Our HPSS situation analysis showed that weaknesses leading to inadequate supply of medicines partly stem from inefficient use of this system. To name just a few of the problems: in the majority of health facilities, non-pharmaceutical staff such as nurses or clinical officers, with no training in ILS procedures, submitted R&R forms. These health workers’ primary responsibility naturally is to provide clinical healthcare to patients; hence, supply logistics was not a high priority. Filling out R&R forms could at times take up to one week of work. Some facilities resorted to simply copying forms from the previous quarter. In other cases, items were requested until the facility budget was exhausted, but no efforts were made to reconcile needs and budget. Once forms were submitted, there was inadequate review of the forms at the district and MSD levels, weak guidelines and deficient communication regarding available funds and supplies. In addition, delays in delivery and low order fulfilment at MSD compounded the situation.

All of this leads to stock outs at health facility level.

The HPSS situation analysis also revealed that the only ILS training for pharmaceutical staff was in 2005. Since then, there had not been a refresher or repeat course, despite staff rotations in facilities.

Therefore we developed a comprehensive ILS training program with the goal to build capacity of health workers in medicines supply management and the ILS.

Training workshops for the Integrated Logistic System (ILS) were conducted in February and March 2012. Over 300 people attended the workshops, which were designed for the Regional Health Management Team, Council Health Management Teams, pharmacists and health care workers from dispensaries, health centres and hospitals. The zonal MSD manager was invited to allow direct communication with health workers.

The impact of the training workshops was assessed through pre- and post-testing to evaluate skills in practical exercises. This allowed identifying best performing participants and those requiring further mentoring. The average increase in performance was 60 per cent.

Peer Coaching


The learning impact of a single training course needs to be sustained with follow-up activities to support implementation and transfer of skills into daily activities. The concept of cascade coaching for face-to-face peer mentoring was discussed, endorsed and workplans designed for implementation.

  • Peer coaching 1
Coaching is defined as a one-to-one activity whereby a coach attempts to induce change in a coachee to boost his/her performance in a particular sector. Coaching and mentoring is often used in an exchangeable way. Coaching primarily is a supportive tool and its role has evolved from correcting deficiencies to facilitating learning and moving people from poor to good performance. Generally coaching is a one-to-one intervention to shape and deliver a learning program and to support colleagues in their professional work. It is an ongoing relationship.

The objectives of the cascade coaching are the following:

  • To sustainably strengthen supply management of medicines at health facility (HF) level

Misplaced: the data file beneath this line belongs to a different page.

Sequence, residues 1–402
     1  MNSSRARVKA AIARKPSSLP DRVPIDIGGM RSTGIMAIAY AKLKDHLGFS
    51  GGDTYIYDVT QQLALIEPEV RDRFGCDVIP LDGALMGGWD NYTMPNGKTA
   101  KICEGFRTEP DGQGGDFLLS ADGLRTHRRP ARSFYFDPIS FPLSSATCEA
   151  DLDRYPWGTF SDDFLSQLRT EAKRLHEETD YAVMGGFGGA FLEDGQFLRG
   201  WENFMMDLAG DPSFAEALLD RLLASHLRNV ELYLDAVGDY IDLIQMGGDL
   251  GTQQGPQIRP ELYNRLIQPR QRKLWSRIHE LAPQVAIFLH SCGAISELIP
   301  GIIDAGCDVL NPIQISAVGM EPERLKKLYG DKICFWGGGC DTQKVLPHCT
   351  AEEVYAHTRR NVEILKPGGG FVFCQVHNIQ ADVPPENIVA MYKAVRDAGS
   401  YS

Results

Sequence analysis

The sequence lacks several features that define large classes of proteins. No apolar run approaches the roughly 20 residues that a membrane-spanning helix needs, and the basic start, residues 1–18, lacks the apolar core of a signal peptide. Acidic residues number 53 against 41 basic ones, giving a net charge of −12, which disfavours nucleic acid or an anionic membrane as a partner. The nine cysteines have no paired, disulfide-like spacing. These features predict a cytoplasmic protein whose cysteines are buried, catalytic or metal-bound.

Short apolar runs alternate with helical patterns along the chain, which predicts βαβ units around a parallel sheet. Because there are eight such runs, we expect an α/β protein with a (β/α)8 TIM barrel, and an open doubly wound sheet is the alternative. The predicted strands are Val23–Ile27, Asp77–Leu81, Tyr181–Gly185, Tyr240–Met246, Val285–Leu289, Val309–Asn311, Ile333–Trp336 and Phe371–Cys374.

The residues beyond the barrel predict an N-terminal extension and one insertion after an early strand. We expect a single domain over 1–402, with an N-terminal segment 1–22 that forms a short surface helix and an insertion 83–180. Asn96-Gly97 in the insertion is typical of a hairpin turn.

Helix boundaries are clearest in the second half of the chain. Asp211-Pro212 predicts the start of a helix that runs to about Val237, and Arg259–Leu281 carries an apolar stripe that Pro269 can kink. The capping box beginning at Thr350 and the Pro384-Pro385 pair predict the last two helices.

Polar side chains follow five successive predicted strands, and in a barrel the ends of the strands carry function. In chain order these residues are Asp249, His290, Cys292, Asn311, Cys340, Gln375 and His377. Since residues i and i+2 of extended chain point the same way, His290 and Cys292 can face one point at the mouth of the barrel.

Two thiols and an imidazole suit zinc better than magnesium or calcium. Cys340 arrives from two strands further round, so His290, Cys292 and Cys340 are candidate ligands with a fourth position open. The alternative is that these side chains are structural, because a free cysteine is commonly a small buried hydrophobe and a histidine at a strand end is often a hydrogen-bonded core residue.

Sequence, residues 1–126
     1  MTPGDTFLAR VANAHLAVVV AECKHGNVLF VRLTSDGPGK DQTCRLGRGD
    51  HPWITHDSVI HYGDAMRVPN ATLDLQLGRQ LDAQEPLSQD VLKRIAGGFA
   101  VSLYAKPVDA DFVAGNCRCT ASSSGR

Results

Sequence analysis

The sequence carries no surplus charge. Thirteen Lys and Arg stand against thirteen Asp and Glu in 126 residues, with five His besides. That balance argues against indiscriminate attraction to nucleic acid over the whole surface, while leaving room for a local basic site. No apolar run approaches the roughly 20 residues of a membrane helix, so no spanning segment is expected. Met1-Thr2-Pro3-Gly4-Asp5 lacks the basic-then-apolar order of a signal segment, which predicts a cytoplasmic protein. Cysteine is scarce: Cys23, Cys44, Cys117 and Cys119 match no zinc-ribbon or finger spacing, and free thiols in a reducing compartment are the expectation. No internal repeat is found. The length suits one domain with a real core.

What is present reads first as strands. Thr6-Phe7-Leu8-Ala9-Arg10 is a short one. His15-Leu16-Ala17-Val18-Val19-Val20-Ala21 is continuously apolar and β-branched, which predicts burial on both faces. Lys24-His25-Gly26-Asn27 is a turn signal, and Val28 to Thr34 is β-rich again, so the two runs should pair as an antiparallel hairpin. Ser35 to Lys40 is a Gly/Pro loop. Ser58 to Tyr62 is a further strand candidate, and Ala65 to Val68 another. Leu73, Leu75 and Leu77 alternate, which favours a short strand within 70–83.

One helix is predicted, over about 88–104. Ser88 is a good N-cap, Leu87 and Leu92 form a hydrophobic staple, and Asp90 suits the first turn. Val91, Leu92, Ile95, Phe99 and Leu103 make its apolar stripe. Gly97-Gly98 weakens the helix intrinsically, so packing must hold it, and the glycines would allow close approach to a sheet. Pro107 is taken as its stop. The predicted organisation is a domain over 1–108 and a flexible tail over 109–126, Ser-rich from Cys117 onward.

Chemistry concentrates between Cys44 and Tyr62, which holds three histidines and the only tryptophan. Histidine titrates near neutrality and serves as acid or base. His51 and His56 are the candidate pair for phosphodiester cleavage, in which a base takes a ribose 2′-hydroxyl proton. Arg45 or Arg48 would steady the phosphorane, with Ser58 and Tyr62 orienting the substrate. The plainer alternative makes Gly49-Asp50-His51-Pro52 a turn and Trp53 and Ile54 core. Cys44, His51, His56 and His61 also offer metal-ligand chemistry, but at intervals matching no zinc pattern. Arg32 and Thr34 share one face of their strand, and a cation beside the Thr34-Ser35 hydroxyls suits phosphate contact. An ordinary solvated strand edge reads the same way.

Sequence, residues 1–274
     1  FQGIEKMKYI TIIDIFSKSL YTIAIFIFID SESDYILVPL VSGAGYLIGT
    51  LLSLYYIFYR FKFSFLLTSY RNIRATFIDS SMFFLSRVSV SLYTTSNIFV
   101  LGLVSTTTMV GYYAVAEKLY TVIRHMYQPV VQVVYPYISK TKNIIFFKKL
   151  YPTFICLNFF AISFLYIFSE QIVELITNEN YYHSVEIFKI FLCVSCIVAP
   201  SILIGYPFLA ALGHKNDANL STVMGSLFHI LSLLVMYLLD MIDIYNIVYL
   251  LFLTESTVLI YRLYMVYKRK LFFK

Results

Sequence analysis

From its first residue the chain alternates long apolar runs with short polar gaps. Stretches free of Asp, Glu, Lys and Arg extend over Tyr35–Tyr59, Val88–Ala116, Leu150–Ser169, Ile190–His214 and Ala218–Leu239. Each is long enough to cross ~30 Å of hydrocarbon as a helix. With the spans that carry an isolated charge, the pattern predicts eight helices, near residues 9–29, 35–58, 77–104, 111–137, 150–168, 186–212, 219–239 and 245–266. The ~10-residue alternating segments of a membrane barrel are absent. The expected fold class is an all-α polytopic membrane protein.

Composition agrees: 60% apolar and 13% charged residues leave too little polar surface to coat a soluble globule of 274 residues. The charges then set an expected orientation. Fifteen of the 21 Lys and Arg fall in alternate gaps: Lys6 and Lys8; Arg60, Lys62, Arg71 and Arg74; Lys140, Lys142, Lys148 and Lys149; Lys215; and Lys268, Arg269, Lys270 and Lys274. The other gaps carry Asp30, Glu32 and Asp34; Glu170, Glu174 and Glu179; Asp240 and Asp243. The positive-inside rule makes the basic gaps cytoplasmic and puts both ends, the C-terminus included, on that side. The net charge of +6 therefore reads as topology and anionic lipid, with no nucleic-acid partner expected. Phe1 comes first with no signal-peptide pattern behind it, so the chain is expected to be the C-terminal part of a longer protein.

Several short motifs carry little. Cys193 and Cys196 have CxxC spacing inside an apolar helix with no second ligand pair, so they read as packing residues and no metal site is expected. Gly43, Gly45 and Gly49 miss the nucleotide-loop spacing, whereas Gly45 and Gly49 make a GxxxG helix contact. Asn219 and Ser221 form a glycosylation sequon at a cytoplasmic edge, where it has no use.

• To sustain knowledge, skills gain and motivation after the ILS training
  • To engage internal human resources and capacity and to create ownership of activity, embedded in district organization
  • To encourage active participation of health workers in improving quality of care, building on the experience of existing cascade supervision.

Potential coaches in each district were identified based on their supply management performance, their capacity and willingness to mentor colleagues and by recommendation of respective DMOs. Workplans for each district were elaborated by the district coaches in collaboration with district pharmacists. The workplans include methodology of coaching and a scheduled activity plan per cascade node and month.

Cascade coaching started in July 2013 after training new coaches on ILS management supply and coaching skills.

Complementing MSD Supply with a Prime Vendor System


It has become evident that alternative strategies to improve availability to medicines in the HF of Dodoma region are needed. The supply gap of approximately 40% needs to be filled by other means as efficiency of MSD cannot be influenced by the HPSS project in a significant way. While MSD will remain the backbone for medicines supply to the public sector, Dodoma region together with the HPSS project decided to tackle the problem of out of stocks of medicines with a PPP approach.

  • Complementary supply chain 1
The supply gap will be complemented by medicines from other sources financed with complementary funds. Health facilities and districts have funds available that are earmarked for the purchase of supplementary medicines. These medicines will be paid from regular sources of complementary funds available such as CHF, NHIF, user fees and basket funds. So far, purchase of supplementary medicines has, however, been very fragmented and uncoordinated and has not taken advantage of economies of scale.

A concept for possible scenarios with a Prime Vendor (PV) was discussed and endorsed by the districts. The PV concept comprises an approach that could alleviate supply availability problems by implementing a complementary supply system, involving the private sector. The new regional Prime Vendor (PV) system is a unique public private partnership (PPP) with the objective to supplement medicines supplies of Medical Stores Department (MSD) with supplies from a single vendor in a pooled regional approach.

After a comprehensive and transparent prequalification and procurement process by the regional authorities, a supplier was selected based on Applicable Procurement Regulations. During an official launch on  September 2014 graced by with the guest of honor the deputy Minister of Health and the Swiss Ambassador, the 1st contract between the regional authorities of Dodoma and the selected Prime Vendor was signed.

  • Complementary supply chain 2